سال انتشار: ۱۳۸۴

محل انتشار: سمپوزیوم برآورد عدم قطعیت در مهندسی سد

تعداد صفحات: ۱۰

نویسنده(ها):

J. ANWER – Chief Executive, Pakistan Engineering Services (Pvt.) Ltd., Lahore, Pakistan
M. MUSHTAQ CH. – General Manager, P&D, WAPDA, Lahore, Pakistan.
Z. M. MALIK – Geotechnical Engineer, Pakistan Engineering Services (Pvt.) Ltd., Lahore, Pakistan

چکیده:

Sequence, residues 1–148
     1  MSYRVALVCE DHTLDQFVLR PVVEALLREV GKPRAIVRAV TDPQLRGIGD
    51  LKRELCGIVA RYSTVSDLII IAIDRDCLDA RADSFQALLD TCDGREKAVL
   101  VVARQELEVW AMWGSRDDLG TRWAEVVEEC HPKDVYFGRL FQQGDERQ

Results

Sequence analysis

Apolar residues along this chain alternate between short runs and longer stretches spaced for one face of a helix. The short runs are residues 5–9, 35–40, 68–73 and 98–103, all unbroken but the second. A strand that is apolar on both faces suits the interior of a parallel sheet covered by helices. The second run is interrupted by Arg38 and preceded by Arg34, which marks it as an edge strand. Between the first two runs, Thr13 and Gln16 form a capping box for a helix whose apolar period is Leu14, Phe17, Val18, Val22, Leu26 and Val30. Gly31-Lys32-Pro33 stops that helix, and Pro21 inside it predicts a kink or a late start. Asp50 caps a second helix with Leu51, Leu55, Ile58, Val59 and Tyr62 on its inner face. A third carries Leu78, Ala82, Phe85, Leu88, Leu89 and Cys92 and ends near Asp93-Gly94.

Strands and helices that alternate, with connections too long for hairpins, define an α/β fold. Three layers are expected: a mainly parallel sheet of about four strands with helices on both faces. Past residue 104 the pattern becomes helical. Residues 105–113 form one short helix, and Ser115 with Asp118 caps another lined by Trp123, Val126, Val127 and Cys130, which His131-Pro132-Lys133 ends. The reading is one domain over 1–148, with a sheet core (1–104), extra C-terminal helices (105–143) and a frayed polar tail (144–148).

Chotiari Reservoir is a component of the Left Bank Outfall Drain Project in Sindh, Pakistan, located between the Lower Nara Canal and the Thar Desert, at a distance of approximately 16 kilometers (10 miles) North East of Sanghar. It is one of the most difficult sites from design as well as construction resources points of view. The reservoir is not very deep but its spread is very wide. It is the longest earth embankment for reservoir storage in Asia; the reservoir is formed by construction of about 56 kilometers (i.e. 35 miles) of earth embankment, generally of a low height ranging near 5 m (17.5 ft) with a maximum height of 15.24 m (50 ft). Though the embankment height is not much, adverse foundation conditions, scarcity of construction material and restrictions imposed by environmental requirements made it a challenging job. Due to its long length, the foundation conditions were highly variable. The northern rim of the reservoir was formed by sand dunes of the Thar Desert. Towards the south-eastern dykes, the foundations and abutments were in fact on sand dunes. Being in the vicinity of sand dunes, the foundation soils were generally sandy and relatively pervious towards deeper horizons. This made the design of a water tight foundation difficult. The construction of a deep cutoff was not possible due to most of the area being in a waterlogged condition. High seepages were expected through the reservoir rim and embankment foundation. A portion of the embankment and reservoir was situated over the Nara Canal. The sediments coming through the Nara Canal were sandy in nature. Therefore, future sealing of the reservoir bowl by the incoming sediments was a slow process. Moreover, in a major length the foundation materials were easily erodible and prone to piping. The problems were emphasized further with the necessity of slope protection requirements along large fetches. Suitable material for the fill and slope protection were at extensive haulage distances. A partial cutoff in the form of a key trench, with its width and depth varying along the embankment length, provided a considerable reduction of the underseepage by lengthening the seepage path. At other places, upstream and downstream weighted berms were added in, improving the creep length and subsequently the embankment stability. The overall embankment slopes were also varied to ensure safe design slopes throughout the embankment length. The slope protection systems were optimized to reduce both the costs and the extensive haulage operations. The piping problems were virtually eliminated by covering all seepage discharge areas with well designed seepage control methods, such as horizontal drainage blanket, chimney and toe drains. These were provided in various reaches of the embankment, depending on the height of the embankment, the type of foundation materials and the conditions at the downstream toe. Underwater construction and puddle core backfills in trench excavations resolved construction difficulties in waterlogged areas.